Edge computing comprises combinations of systems that span a wide range of locations and conditions and support a diverse set of use cases – all calling for a wide range of edge hardware that will continue to diversify the edge environment. As diverse digital services emerge and drive demand for edge computing, the diversity of network performance requirements will continue to increase. These requirements must be carefully evaluated and might require highly complex solutions relative to the capabilities of the available network technologies, the engagement of key stakeholders and other factors including the total cost of ownership and geographical coverage requirements. While this might sound like a challenge ahead, the diversity of the edge environment itself might be a key enabler for solving the complex problem that the edge and its infrastructure bring.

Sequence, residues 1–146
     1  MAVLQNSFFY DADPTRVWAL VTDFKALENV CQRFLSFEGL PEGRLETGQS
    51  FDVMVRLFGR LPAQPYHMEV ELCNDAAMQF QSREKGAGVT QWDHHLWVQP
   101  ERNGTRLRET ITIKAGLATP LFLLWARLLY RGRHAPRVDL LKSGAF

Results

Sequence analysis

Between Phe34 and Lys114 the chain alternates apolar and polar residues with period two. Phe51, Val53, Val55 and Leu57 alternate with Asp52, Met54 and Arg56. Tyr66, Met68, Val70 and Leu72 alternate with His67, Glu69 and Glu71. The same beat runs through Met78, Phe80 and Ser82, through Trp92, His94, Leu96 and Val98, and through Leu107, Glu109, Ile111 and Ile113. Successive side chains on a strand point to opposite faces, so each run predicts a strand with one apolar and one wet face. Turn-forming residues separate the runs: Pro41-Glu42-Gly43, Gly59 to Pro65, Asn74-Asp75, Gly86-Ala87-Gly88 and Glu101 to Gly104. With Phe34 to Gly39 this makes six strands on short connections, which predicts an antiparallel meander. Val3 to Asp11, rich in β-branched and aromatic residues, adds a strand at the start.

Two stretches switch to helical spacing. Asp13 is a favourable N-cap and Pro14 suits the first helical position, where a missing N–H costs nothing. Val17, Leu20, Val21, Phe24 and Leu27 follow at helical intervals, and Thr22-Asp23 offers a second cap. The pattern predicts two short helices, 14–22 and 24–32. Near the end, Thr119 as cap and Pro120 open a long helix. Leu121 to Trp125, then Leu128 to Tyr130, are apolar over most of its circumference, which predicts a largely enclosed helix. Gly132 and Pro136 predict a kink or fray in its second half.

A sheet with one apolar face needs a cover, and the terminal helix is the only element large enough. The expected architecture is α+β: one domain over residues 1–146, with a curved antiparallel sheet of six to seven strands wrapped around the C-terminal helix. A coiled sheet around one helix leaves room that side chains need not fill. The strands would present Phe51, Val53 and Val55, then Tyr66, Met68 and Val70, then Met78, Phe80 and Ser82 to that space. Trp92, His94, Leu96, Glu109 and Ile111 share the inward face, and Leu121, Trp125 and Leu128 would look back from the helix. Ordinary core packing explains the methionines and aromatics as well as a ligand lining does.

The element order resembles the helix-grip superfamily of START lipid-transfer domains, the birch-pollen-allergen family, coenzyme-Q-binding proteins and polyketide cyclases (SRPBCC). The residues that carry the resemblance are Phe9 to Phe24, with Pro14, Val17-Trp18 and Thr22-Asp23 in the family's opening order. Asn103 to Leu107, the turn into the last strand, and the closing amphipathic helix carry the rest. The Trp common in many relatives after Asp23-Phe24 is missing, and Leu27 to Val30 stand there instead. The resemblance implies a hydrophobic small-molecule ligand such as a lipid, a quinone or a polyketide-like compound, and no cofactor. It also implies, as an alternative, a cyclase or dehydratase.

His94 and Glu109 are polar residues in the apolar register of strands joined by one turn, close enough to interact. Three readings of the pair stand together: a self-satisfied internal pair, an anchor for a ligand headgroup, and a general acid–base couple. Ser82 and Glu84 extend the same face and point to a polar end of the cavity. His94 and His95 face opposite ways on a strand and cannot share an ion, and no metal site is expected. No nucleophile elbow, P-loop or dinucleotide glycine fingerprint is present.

1. Tell us one lesson you’ve learned that’s unique to being a female leader in the Edge space.

In every aspect of my career, I have focused on being professional and have seen the benefits of this. As long as one demonstrates solid know-how, openness, flexibility and the ability to listen, learn, and collaborate any work with a partner, colleague, or customer will be fruitful. It helped me to be bold, take responsibilities, show transformational thought leadership, and encourage others to work as a team.

Sometimes it helps also to insists on your ideas. When I was talking about the Tactile Internet (the metaverse with touch) eight years ago, I was seen as ‘crazy’. After years of efforts, we were able to form a technical committee within IEEE and to create a global community with hundreds of experts that define, standardize, and disseminate key findings from research results.